I'm wondering, using a batch approach, how are the functions referenced i.e. how does dbunload/dbinit/dbisql get referenced? Are those just exes/utilities within a SQLAnywhere install directory?


(26 Oct '12, 14:43) akennett
Replies hidden

Nevermind on that last part - I see the dbunload, dbinit, dbisql exes in the SQLAnywhere install folder (-:

(26 Oct '12, 14:58) akennett

I'm thinking this might meet my needs:

dbunload -v -c "uid=DBA;pwd=*;dbf=C:ProgramDataGeoGraphixProjectstestGXDB.db" -ar

"This option creates a new database with the same settings as the old database, reloads it, and replaces the old database."

Sounds like I might want to kill active sessions prior to running that particular step?

I'm confused about this though - "When the new database is created, the dbspace file names have an R appended to the file name to prevent file name conflicts if the dbspace file for the new database is created in the same directory as the dbspace for the original database. For example, if an unloaded database has a dbspace called library in the file library.db, then the library dbspace for the new database is library.dbR."

The first sentence in the description says it creates a new database with the same settings as the old database, reloads it and replaces the old database. Is that R file just a temp holding before replacement occurs?

Thank you very much!!

(26 Oct '12, 15:20) akennett
Replies hidden

In SQL Anywhere you can have up to 12 additional files containing tables and other data in addition to the main *.db file... that's what the Help is talking about when it gives the example of the library dbspace.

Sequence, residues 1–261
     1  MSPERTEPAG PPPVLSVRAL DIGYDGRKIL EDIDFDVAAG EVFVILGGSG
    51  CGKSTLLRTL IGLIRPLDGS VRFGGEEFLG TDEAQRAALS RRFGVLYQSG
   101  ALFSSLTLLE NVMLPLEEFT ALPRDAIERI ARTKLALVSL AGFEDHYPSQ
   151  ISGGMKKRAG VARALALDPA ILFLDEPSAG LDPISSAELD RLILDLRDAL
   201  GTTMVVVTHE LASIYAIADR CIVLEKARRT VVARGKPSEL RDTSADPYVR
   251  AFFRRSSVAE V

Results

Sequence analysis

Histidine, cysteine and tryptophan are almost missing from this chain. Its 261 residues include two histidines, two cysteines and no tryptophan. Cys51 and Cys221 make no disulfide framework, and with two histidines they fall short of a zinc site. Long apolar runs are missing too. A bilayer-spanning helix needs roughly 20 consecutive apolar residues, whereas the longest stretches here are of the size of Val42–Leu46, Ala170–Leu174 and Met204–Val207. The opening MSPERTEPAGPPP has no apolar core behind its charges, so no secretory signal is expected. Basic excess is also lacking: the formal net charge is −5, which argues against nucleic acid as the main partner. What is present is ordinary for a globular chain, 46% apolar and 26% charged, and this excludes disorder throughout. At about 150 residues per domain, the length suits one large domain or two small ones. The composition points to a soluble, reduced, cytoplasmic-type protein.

When the Help talks about "the dbspace file names have an R appended" it is referring to these secondary dbspaces, not the main *.db file.

For most people it doesn't matter... most folks don't bother with the secondary dbspaces, and there's usually no need for them.

(26 Oct '12, 16:36) Breck Carter

Gotcha - thank you Breck. Another consideration I imagine I'm going to run into is to kill all active connections. Do you think I will have to take that into account?

(26 Oct '12, 17:37) akennett
Replies hidden

To cite from the dbunload doc page:

To unload a database, first ensure that the database is not already running. Then, run dbunload, specifying a DBA user and password, and referencing the database with the DBF= connection parameter.

So, yes, you should not only assure that there are no active connections but should generally stop the database altogether. That can be done from a batch file with the help of the DBSTOP utility - the exact usage will depend upon the question whether there are other databases running on the same server (so you would only stop the database in question) or not (than you would usually stop the database and the database server, as well).

If there are questions on that - I'd recommend to start a new question:)

(27 Oct '12, 09:53) Volker Barth

Unloading / reloading will help with performance if the database is having a lot of data added and removed. In such a case the internal structure of the database is likely to be come heavily fragmented and this is the easiest way of sorting that out. The actual database file itself is likely to get fragmented and while that can be fixed with a normal de-fragmenter, you can take the opportunity to pre-allocate space to a new un-fragmented db file.

In term of using different drives, yes you can - but do ensure you have a proper validated backup of the original database first!

(28 Oct '12, 09:34) Justin Willey

Thank you all for your help getting started. I appreciate the fact that you all are not condescending like some other DBMS system's user bases can be (-: for the newbies.

(29 Oct '12, 18:34) akennett
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question asked: 26 Oct '12, 12:43

question was seen: 2,861 times

last updated: 29 Oct '12, 18:34